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Experimental investigation of pneumatic tire performance on ice: Part 1 – Indoor study

Anudeep K. Bhoopalam, Corina Sandu, Saied Taheri
Journal of Terramechanics, Available online 18 March 2015, ISSN 0022-4898,
Currently, the probability of accident occurrence is much higher when driving on icy roads than on asphalt. Since the tire is the only element of the vehicle that contacts the icy road, it is crucial to thoroughly comprehend the friction mechanism at the tire–ice interface for improved tires and safety systems for icy roads. This study investigates the available friction levels at the tire–ice interface by varying operational parameters through the indoor testing program conducted at the Advanced Vehicle Dynamics Laboratory, Virginia Tech (in part I) and the outdoor testing program conducted at the Keweenaw Research Center (in part II). This two-part article presents the design of experiment, the indoor and outdoor test programs, and friction–slip ratio curves obtained from both test programs for different conditions. The effects of operational parameters and their inter-dependency for the entire slip ratio range during operation on ice is explained, as studied from the two test programs. This article (part I) details the indoor test method consisting of the ice creation procedure, pre-test procedures, the test procedure and analysis of the obtained friction–slip ratio curves. This experimental investigation performs the necessary groundwork and builds a strong foundation towards making driving on ice safe.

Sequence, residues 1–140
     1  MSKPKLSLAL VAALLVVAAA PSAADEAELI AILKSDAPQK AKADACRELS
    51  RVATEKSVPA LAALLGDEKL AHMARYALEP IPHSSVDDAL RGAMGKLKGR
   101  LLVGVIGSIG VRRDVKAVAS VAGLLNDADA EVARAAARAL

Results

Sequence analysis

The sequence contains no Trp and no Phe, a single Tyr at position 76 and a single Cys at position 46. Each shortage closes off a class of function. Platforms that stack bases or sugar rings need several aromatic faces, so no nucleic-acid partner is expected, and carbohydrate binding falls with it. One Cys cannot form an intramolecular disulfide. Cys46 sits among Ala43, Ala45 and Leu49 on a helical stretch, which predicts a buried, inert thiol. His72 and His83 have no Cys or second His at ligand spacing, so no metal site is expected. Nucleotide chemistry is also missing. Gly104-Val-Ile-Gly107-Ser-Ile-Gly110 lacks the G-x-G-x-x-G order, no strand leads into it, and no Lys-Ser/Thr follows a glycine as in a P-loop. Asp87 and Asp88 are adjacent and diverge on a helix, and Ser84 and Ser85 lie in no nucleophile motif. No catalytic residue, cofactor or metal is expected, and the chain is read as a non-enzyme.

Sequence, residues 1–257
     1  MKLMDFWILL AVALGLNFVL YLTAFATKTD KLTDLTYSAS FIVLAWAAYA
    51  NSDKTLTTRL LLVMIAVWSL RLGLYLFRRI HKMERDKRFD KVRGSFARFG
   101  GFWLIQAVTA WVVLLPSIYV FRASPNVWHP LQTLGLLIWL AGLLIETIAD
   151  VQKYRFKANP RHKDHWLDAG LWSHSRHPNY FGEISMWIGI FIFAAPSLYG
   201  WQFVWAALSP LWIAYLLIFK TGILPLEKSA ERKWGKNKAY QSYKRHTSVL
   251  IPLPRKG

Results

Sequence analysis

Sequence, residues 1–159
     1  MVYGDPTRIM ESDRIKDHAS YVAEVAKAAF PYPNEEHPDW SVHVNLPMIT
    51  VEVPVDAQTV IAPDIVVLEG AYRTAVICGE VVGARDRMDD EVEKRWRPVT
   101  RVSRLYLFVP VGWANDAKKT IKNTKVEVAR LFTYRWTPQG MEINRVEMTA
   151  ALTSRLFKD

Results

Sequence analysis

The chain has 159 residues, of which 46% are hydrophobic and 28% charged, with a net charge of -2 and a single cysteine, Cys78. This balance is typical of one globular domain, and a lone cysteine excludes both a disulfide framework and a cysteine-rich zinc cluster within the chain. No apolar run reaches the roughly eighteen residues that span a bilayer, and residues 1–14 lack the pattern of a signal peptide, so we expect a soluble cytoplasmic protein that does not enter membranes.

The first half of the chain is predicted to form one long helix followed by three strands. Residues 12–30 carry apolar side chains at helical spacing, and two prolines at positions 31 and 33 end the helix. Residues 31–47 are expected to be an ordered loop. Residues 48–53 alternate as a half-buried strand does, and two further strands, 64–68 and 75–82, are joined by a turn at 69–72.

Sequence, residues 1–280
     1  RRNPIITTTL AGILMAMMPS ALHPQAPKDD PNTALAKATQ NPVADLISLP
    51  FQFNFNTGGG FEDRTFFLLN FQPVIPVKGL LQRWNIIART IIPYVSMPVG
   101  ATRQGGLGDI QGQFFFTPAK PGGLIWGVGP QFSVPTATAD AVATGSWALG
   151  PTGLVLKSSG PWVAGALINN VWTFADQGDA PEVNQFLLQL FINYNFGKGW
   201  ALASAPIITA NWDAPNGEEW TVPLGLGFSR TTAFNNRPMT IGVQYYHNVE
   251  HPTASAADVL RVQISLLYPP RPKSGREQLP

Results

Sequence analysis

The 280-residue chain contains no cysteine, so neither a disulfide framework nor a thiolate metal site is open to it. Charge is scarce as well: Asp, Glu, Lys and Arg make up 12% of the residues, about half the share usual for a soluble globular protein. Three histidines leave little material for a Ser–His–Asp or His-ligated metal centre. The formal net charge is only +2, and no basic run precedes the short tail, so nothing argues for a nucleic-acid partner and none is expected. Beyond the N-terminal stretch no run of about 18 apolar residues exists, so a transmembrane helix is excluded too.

Keywords: Tire–ice friction; Indoor tire–ice testing; Outdoor tire–ice testing